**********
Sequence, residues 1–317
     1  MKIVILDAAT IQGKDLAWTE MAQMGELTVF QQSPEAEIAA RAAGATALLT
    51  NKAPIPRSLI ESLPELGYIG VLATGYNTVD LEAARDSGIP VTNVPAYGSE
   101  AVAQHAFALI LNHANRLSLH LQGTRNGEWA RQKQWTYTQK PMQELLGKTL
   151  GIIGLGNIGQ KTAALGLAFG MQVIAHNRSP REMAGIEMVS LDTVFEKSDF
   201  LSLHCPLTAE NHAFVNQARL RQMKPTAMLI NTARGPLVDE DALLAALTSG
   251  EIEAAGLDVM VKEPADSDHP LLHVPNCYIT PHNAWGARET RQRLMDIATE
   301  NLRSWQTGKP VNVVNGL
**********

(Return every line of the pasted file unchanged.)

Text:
Sequence, residues 1–317
     1  MKIVILDAAT IQGKDLAWTE MAQMGELTVF QQSPEAEIAA RAAGATALLT
    51  NKAPIPRSLI ESLPELGYIG VLATGYNTVD LEAARDSGIP VTNVPAYGSE
   101  AVAQHAFALI LNHANRLSLH LQGTRNGEWA RQKQWTYTQK PMQELLGKTL
   151  GIIGLGNIGQ KTAALGLAFG MQVIAHNRSP REMAGIEMVS LDTVFEKSDF
   201  LSLHCPLTAE NHAFVNQARL RQMKPTAMLI NTARGPLVDE DALLAALTSG
   251  EIEAAGLDVM VKEPADSDHP LLHVPNCYIT PHNAWGARET RQRLMDIATE
   301  NLRSWQTGKP VNVVNGL